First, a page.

Friday, November 16, 2007

So, I came out to a bunch of people at work the other day. We were sitting at lunch, and my boss and I were discussing the recent visit of the Dalai Lama to the US (and to Ithaca, of course, where I had the excellent fortune to see him speak--he's indeed an inspiring and holy man). My boss, M, brought up the contrast between his visit and the recent appearance of Ahmadinejad (I think I spelled that right--and without looking it up anywhere! Who's the shit?) at Columbia University.
"It's amazing that we could have two such different people visit our country at the same time," he said, "The Dalai Lama talking about peace and love, and then this crazy man who denies the Holocaust and says there are no homosexuals in Iran..." First, let me hip you to something: anyone who uses the word "homosexual" rather than gay or queer is either a psychiatrist/ psychoanalyst in 'professional' mode, someone who not only isn't gay but doesn't have many 'gays' in their close circle of friends, or else is so deep in the closet they're finding next year's Christmas presents. That aside, I used the opportunity (why the hell not?) to out myself in front of roughly ten people in the break room.
"My first girlfriend was Chinese," I said, "And she tried to teach me some of the language--now I can say hello, 'I love you,' and order a few items from a menu. Anyway, she asked her mother, 'Mom, what's the word for a man who likes men, or for women who fall in love with other women?' Her mother answered her, after a long pause, 'That doesn't happen in China.'" I guess it went over well. The conversation didn't come to a grinding halt or anything, though I could feel a few people making a mental note: Homosexual, check. Just adding it to their list of attributes about me. I guess it helps that I've only been there a few months, so not many people have a really solid mental picture of who I am outside (or inside, for that matter) work. They're still piecing together, "German studies major. Former oboe player. Echo research assistant. Homo. OK, cool."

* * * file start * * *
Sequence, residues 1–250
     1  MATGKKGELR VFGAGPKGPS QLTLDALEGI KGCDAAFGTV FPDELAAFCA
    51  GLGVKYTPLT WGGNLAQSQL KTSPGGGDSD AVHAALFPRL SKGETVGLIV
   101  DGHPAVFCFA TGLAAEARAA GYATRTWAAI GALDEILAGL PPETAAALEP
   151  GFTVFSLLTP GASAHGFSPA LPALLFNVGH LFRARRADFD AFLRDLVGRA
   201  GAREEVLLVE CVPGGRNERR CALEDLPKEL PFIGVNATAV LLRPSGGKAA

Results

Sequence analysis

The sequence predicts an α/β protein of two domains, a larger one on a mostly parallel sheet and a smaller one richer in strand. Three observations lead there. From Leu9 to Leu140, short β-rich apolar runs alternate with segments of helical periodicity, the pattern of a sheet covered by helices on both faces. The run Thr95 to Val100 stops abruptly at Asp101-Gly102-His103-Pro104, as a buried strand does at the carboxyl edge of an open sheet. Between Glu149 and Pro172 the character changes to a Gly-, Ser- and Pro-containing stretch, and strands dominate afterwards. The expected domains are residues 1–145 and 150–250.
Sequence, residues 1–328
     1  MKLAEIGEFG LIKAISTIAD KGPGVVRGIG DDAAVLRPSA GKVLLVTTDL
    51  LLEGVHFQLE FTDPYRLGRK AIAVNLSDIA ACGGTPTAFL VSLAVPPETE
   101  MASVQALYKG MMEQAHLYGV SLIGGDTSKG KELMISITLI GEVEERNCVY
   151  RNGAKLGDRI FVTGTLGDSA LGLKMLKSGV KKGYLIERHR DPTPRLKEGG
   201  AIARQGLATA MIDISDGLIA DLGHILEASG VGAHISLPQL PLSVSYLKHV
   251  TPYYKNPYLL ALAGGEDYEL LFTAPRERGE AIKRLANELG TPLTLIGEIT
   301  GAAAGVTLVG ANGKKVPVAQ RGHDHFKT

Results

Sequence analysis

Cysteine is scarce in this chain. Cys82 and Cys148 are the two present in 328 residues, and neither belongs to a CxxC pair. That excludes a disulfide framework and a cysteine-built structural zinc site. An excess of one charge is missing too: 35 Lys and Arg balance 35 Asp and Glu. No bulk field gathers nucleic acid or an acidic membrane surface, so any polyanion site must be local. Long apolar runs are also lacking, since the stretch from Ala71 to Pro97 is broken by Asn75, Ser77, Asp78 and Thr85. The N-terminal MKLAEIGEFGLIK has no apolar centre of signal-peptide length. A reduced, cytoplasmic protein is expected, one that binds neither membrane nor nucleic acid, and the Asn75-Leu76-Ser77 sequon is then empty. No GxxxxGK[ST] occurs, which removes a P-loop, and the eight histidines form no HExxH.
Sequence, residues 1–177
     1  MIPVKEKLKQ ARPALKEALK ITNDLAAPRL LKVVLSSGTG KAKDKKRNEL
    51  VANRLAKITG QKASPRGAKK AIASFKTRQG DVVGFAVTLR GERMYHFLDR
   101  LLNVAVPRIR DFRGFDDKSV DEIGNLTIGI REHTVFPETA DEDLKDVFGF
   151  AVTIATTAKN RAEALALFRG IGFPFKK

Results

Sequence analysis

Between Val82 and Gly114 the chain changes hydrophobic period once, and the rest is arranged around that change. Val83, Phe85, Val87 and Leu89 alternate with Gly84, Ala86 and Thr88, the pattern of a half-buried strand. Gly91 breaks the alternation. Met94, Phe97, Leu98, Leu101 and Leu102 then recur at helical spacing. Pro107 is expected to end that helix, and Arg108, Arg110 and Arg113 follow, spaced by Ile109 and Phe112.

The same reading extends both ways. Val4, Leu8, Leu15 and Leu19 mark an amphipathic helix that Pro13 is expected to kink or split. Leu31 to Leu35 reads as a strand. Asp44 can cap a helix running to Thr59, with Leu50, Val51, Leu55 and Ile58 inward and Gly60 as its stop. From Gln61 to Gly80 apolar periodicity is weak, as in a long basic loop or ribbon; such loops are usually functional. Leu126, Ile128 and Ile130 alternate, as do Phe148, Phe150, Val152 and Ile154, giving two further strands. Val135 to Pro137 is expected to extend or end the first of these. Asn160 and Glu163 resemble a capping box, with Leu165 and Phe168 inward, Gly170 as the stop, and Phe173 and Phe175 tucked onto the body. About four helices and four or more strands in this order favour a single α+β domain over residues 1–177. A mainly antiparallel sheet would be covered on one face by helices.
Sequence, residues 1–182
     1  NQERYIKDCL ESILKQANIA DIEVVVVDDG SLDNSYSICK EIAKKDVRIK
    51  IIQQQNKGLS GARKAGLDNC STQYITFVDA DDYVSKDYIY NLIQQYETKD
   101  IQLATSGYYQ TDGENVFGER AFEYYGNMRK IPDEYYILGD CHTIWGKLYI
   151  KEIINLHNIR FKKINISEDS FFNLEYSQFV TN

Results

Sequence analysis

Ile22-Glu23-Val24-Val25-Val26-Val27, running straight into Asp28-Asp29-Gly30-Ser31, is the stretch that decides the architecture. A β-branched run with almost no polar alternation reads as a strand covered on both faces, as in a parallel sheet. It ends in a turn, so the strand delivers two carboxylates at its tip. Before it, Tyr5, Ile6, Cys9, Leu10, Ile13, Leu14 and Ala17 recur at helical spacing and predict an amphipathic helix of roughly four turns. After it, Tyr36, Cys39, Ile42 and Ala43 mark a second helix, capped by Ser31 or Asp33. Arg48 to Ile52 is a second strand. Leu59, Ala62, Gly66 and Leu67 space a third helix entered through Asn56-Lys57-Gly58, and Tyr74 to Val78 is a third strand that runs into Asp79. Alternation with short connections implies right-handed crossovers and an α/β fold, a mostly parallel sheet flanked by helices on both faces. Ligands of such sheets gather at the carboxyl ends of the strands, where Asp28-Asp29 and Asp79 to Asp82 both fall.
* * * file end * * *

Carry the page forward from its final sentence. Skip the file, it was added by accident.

The only bad thing about being out to people who I suspect may not know a lot of gay folks (or who, for religious reasons, are opposed to that 'lifestyle'--which, by the way, I think is a hilarious way to put it--it makes me think that there must be a gay/lesbian lifestyle catalogue out there somewhere that I'm missing, a la Martha Stewart Living, with Indigo Girl CDs, flannel jackets, Danish Modern furniture and Subaru Foresters) is that then I feel oddly responsible for being a stellar example of humanity, for the sake of the 'family.' If I fall behind on a project, then the whole queer community suddenly becomes lazy or incompetent. If I snap at someone because I have PMS and they took the last of the coffee on a Monday morning, it's because all lesbians are bitchy and aggressive. I'm sure not everyone does this sort of thing consciously, but I know I do it myself sometimes, or poke fun at myself and others for some stereotype: When I'm jamming to Melissa Etheridge, painting an, ahem, yonic-looking calla lily (look up the word if you don't know it, it's fabulous), and a friend walks in and laughs; my Jewish friend who always scours the racks for the lowest possible prices when we go out shopping together; my Irish buddy, in the Marines, who puts away the stout and lager like it's going out of style.
Ultimately (here comes the PSA--public service announcement, for those in the medical field, NOT prostate-specific antigen) life's too damn short not to be who you are, not to move from your center just as you are, whether that puts you in the line of fire of hateful idiots or puts you in lockstep with inane stereotypes occasionally. Be you, because if you don't, there isn't anyone else to do it.

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